Eligible taxpayers who filed tax returns for either 2019 or 2018 will automatically receive an economic impact payment of up to $1,200 for individuals or $2,400 for married couples. Parents also receive $500 for each qualifying child under the age of 17.

Tax filers with adjusted gross income up to $75,000 for individuals and up to $150,000 for married couples filing jointly will receive the full payment. For filers with income above those amounts, the payment amount is reduced incrementally and then phased out for individuals whose income exceeds $99,000 (or $198,000 for joint filers with no children). 

Social Security beneficiaries who typically do not file a tax return will automatically get the $1,200 payment. This is a reversal from an earlier order when the Internal Revenue Service said a simple tax return would need to be filed to qualify for the stimulus payment.

Check on the status of your Economic Impact Payment

Click here to view eligibility and payment status

2020 Census

It is important for every household to participate in the 2020 Census. The Census will determine $675 billion in federal funding, representation in Congress, and community development and resources for the next 10 years. The money will be distributed among states, counties, and communities based on the census data and will be used to support hospitals, public works, roads, schools, and many other vital programs, public safety and emergency preparedness.

It has never been easier to respond on your own, whether online, over the phone or by mail — all without having to meet a census taker. Complete the questionnaire:

  • By phone at 844-330-2020. Phone lines are open every day from 7 a.m. to 2 a.m. Eastern Time.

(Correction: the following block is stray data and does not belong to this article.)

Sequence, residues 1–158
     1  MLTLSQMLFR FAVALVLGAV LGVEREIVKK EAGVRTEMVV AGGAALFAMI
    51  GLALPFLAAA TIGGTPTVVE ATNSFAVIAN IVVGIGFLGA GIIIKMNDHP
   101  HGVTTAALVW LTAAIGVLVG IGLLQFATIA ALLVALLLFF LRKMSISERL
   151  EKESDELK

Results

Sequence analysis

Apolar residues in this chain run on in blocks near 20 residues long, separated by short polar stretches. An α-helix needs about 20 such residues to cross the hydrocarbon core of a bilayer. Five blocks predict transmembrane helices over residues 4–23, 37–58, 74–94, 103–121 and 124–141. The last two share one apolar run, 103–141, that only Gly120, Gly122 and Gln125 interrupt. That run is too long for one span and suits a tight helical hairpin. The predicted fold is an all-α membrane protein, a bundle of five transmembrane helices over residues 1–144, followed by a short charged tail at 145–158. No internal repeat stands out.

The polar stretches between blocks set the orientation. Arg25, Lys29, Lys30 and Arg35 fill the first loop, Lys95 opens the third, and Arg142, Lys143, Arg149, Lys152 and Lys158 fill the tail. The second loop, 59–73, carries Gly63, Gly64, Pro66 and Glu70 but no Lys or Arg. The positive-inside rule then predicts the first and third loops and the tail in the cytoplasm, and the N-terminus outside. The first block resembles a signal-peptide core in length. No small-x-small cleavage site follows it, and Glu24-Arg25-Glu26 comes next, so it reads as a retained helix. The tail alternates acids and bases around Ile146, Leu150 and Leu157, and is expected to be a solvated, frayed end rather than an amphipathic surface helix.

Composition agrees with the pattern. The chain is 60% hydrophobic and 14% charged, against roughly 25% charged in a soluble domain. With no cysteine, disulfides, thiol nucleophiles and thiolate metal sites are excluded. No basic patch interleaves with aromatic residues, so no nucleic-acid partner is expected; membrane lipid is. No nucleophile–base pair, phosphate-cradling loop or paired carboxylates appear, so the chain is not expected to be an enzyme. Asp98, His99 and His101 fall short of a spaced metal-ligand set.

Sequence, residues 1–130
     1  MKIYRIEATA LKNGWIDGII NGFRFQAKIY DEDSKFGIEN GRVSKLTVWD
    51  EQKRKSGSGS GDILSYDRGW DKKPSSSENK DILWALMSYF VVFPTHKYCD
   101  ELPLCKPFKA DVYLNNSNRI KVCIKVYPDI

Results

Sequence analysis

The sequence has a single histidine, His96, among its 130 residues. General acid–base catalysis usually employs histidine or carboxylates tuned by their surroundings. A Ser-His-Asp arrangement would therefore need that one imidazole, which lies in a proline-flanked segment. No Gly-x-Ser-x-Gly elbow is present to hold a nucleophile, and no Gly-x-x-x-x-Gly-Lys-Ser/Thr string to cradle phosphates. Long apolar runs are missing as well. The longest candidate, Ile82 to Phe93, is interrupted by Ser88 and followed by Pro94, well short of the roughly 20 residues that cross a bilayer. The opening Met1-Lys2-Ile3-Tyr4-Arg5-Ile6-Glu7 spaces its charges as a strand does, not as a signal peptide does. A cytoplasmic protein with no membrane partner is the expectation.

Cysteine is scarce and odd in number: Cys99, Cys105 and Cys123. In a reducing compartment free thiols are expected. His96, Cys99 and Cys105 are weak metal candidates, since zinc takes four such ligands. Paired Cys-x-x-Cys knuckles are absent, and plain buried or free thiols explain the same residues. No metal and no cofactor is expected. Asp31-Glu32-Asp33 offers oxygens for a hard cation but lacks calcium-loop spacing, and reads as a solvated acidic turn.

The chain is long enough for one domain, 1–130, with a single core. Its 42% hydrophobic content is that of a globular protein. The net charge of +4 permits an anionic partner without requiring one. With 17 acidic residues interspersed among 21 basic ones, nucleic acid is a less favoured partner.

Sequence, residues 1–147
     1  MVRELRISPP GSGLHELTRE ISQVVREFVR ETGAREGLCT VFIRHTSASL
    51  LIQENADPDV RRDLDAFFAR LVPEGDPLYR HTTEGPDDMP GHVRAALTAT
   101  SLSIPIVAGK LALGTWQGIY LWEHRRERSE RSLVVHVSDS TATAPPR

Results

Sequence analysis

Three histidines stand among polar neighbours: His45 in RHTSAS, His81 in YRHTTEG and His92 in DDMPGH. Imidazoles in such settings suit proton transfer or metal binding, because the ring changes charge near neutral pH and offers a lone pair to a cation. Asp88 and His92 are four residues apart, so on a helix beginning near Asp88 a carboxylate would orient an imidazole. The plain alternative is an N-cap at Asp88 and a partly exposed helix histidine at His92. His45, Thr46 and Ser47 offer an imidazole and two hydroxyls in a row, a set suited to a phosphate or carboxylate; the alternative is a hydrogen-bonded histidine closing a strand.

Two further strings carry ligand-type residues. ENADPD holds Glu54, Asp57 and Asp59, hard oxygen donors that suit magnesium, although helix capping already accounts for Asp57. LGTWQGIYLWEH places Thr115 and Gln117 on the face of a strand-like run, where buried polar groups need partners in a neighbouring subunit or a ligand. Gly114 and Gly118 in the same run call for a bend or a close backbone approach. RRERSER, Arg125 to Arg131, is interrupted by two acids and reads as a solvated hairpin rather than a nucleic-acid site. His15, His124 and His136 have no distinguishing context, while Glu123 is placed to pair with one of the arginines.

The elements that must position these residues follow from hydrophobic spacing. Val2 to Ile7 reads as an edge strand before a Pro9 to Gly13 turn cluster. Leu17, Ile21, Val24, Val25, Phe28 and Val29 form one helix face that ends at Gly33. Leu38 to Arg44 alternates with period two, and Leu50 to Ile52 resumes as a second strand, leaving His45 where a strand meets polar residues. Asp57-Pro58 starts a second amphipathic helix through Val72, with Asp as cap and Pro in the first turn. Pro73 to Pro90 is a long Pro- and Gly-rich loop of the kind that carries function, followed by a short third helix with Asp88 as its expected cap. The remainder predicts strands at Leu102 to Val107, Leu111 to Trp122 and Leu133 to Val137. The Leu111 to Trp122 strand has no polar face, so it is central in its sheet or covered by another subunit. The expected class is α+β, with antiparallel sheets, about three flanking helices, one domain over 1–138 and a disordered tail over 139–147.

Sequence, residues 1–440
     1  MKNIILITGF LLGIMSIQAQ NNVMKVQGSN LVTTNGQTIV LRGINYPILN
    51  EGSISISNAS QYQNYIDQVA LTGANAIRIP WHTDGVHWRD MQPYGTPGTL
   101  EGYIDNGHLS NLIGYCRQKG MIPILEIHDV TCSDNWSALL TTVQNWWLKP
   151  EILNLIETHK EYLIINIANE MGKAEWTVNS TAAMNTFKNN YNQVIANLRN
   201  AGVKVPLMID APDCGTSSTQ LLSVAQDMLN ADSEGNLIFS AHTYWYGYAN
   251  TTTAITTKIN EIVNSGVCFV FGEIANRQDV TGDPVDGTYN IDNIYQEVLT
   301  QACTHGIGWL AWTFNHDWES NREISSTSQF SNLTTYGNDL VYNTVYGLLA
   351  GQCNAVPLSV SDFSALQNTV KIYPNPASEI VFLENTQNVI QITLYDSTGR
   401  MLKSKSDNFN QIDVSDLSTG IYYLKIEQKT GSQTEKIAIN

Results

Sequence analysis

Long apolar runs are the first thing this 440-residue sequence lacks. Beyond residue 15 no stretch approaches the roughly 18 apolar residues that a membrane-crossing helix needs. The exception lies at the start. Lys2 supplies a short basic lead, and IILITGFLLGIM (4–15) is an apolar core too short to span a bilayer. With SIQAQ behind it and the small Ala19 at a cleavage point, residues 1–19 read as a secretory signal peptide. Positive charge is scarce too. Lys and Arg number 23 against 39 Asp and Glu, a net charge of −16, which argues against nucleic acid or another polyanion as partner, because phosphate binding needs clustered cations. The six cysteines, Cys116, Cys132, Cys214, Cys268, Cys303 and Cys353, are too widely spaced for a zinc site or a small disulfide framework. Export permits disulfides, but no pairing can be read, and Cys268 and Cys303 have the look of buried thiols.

• Online at to respond now.
  • By completing the paper form if you’ve received one in the US Mail.

The Census Bureau’s counting of the homeless in shelters, soup kitchens and other places scheduled for March 30 to April 1 has been pushed back to until mid-April at the earliest.

Filing your taxes

The deadline for filing federal taxes (both personal and business) has been moved from April 15 to July 15, 2020. (However, those expecting a refund are encouraged to file as soon as possible). Learn more here

Driver's license renewals and vehicle registrations 

Ohio BMV locations will reopen, effective May 26, 2020. Citizens are urged to utilize the online renewal site to reduce crowding and wait times at BMV locations:

Due to the state of emergency, Ohio licenses (including driver licenses, CDLs, identification cards, temporary instruction permits, vehicle registrations, disability placards, and vehicle temporary tags,) expiring during the declared State of Emergency shall remain valid until either 90 days after the declared emergency ends, or December 1, 2020, whichever comes sooner. Additional info here

If you would like to help

First Year Cleveland is distributing care packages to new and expectant parents who have been infected with the COVID-19 virus or are at high risk of becoming infected. These moms and dads needed help and support even before the pandemic, and now they need your help more than ever. Your gift will help provide care packages containing diapers and wipes, face masks, cleaning products, grocery store gift cards and more. Please give today to help families in need.

Greater Cleveland Foodbank

No matter how long the COVID-19 crisis lasts, hungry neighbors will continue to need our support. Many hardworking families in Northeast Ohio can barely make ends meet – 1 in 6 people in our community struggle to put food on their table.

But you can change that: Every $1 donated to the Greater Cleveland Food Bank can help provide enough food for 4 nutritious meals.

Please give so families in need can have nutritious meals during this challenging time.

Community resources

United Way 2-1-1 –  Free and confidential 24-hour information and assistance
Vote By Mail
Red Cross - Steps to help you cope
Resource list with meal sites and more (thanks to Pre4CLE)
National Suicide Prevention Lifeline: 1-800-273-TALK (8255)
Support resources